Kiev has appealed for Western help to stop Moscow annexing Crimea, where a referendum on joining Russia will be held on Sunday. Ukrainian Prime Minister Arseny Yatseniuk will take that message to Washington and the United Nations.
The West says the referendum is illegal. U.S. lawmakers are preparing sanctions against Russia and European Union leaders could impose penalties, such as bans on visas for key Russian officials, as early as Monday if Vladimir Putin does not come to the negotiating table. There is no sign that he will and there is no question of western force being deployed.
Germany’s Angela Merkel is in Warsaw for talks with Prime Minister Donald Tusk. Poland has been pressing for more aggressive action while Germany – with its deep economic and energy ties to Russia – is more reluctant. But it appears the EU is moving closer to imposing sanctions.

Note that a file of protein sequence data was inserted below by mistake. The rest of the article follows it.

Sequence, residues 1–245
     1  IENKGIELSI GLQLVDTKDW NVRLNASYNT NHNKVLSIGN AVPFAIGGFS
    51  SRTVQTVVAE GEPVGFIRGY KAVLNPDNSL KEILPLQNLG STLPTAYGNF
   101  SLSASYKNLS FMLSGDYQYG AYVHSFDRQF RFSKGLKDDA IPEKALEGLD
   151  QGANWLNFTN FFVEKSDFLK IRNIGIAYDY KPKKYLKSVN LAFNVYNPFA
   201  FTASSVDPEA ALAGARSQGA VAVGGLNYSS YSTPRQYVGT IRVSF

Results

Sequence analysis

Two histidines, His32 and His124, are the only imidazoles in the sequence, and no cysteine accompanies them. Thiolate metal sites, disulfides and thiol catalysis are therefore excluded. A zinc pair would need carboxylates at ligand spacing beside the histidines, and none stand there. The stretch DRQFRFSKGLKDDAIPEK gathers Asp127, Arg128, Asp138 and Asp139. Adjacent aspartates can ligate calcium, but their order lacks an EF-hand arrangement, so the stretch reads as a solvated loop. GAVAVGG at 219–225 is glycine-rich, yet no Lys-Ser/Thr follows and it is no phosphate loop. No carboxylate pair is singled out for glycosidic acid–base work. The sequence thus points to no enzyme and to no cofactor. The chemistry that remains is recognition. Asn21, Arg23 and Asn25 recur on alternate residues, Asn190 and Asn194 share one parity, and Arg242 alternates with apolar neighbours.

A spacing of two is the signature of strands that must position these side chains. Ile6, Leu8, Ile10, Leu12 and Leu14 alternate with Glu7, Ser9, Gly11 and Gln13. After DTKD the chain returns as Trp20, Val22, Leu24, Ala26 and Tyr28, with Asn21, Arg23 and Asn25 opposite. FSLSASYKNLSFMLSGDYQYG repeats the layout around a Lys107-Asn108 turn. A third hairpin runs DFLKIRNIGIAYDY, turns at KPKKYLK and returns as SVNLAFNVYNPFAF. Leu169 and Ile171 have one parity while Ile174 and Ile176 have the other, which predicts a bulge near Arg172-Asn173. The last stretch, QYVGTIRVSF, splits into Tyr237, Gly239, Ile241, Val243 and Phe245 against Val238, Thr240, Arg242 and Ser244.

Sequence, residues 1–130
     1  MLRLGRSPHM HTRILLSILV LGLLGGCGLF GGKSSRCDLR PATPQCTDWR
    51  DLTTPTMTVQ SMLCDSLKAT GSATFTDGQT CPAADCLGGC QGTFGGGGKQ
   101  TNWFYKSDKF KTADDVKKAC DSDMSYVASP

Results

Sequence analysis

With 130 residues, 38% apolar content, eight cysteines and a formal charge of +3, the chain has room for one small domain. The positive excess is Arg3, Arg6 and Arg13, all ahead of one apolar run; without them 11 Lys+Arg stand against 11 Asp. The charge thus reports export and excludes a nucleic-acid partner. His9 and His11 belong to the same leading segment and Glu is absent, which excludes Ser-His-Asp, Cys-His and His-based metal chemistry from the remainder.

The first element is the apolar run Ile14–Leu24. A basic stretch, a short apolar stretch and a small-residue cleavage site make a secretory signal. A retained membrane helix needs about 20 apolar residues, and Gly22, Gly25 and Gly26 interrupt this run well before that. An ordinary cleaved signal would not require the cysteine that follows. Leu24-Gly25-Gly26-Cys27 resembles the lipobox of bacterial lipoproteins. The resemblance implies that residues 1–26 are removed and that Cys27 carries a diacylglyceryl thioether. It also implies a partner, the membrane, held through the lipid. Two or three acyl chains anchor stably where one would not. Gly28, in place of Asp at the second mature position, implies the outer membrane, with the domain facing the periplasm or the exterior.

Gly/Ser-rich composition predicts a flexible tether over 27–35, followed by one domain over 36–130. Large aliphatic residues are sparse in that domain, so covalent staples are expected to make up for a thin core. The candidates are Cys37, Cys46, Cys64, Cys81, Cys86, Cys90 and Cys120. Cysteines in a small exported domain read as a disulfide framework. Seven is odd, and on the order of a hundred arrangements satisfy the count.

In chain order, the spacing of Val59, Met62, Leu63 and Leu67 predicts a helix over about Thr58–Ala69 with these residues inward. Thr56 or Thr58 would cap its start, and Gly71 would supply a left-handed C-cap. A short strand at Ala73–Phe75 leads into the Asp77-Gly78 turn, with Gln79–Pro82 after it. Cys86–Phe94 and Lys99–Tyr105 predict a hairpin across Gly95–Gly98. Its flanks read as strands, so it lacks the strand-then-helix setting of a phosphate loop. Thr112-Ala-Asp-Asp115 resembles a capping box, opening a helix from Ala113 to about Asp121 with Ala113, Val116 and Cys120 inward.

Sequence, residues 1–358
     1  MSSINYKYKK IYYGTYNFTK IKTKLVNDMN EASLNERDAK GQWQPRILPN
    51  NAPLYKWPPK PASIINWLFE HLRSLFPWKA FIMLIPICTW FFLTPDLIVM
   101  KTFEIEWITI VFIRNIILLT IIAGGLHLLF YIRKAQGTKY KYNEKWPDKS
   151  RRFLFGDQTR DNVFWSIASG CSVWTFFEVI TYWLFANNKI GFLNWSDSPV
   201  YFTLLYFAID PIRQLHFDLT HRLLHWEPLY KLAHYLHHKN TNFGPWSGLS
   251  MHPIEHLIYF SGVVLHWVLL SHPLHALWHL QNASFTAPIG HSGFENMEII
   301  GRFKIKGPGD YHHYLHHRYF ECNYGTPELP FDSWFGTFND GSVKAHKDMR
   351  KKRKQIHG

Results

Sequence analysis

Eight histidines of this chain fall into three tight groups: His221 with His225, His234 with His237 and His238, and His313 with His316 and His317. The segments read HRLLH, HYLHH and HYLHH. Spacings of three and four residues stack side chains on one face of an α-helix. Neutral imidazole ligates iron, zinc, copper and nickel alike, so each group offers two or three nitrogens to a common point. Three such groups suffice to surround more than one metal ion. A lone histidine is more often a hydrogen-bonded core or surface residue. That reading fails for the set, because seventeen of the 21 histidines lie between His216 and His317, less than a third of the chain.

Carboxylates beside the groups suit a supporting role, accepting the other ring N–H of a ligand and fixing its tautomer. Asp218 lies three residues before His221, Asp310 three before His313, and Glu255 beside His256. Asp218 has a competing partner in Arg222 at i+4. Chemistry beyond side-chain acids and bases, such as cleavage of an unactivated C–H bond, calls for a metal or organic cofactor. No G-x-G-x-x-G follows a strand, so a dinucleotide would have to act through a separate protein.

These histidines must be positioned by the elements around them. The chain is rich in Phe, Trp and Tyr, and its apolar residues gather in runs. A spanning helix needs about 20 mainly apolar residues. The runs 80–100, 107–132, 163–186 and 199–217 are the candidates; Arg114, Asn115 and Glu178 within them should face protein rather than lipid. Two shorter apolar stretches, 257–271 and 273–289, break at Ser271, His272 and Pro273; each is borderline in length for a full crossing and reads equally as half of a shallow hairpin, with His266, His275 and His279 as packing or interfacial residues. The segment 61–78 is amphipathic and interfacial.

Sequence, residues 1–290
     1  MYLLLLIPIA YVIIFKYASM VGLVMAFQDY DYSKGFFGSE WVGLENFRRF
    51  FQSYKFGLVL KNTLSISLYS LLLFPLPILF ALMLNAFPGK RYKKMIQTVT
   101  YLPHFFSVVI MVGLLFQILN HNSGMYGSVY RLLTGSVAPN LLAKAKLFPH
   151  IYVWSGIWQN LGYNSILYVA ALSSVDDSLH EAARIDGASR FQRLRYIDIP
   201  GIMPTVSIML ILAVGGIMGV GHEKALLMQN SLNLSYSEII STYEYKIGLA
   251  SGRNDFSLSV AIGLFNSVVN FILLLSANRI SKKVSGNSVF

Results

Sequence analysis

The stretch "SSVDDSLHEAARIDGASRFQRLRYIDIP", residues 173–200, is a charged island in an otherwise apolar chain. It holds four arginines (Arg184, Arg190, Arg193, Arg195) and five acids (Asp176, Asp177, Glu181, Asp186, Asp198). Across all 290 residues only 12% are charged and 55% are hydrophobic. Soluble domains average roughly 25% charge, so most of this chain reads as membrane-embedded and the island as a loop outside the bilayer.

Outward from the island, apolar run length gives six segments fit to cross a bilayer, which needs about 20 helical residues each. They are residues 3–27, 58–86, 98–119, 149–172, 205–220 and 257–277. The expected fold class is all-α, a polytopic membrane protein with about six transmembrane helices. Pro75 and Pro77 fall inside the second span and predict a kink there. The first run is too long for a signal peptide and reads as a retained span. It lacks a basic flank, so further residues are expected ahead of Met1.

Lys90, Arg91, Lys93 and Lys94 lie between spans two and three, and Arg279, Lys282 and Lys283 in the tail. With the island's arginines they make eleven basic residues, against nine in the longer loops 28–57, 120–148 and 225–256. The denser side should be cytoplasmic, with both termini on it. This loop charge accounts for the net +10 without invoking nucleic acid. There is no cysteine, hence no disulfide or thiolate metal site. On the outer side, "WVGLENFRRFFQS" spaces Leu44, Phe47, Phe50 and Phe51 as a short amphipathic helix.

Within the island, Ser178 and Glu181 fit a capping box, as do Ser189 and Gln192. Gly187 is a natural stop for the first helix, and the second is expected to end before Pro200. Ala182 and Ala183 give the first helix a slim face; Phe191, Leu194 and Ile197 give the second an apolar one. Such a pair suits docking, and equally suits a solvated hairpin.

Ed Miliband, leader of Britain’s opposition Labour party, has stated in today’s FT that he would only hold an EU referendum if there was a new transfer of power from London to Brussels.
That ain’t going to happen – if there is any treaty change it will be focused on binding the euro zone closer together and Britain sits outside that. So if Labour wins next year’s election, or rules in coalition with the pro-EU Liberal Democrats thereafter, there will not be an in/out vote on the UK’s membership of the EU before 2020.
Now I call this important. The Conservative party is wedded to a 2017 vote having tried to repatriate powers from Brussels first. UKIP, the resurgent anti-EU party, had pushing Labour into a referendum commitment as its main goal.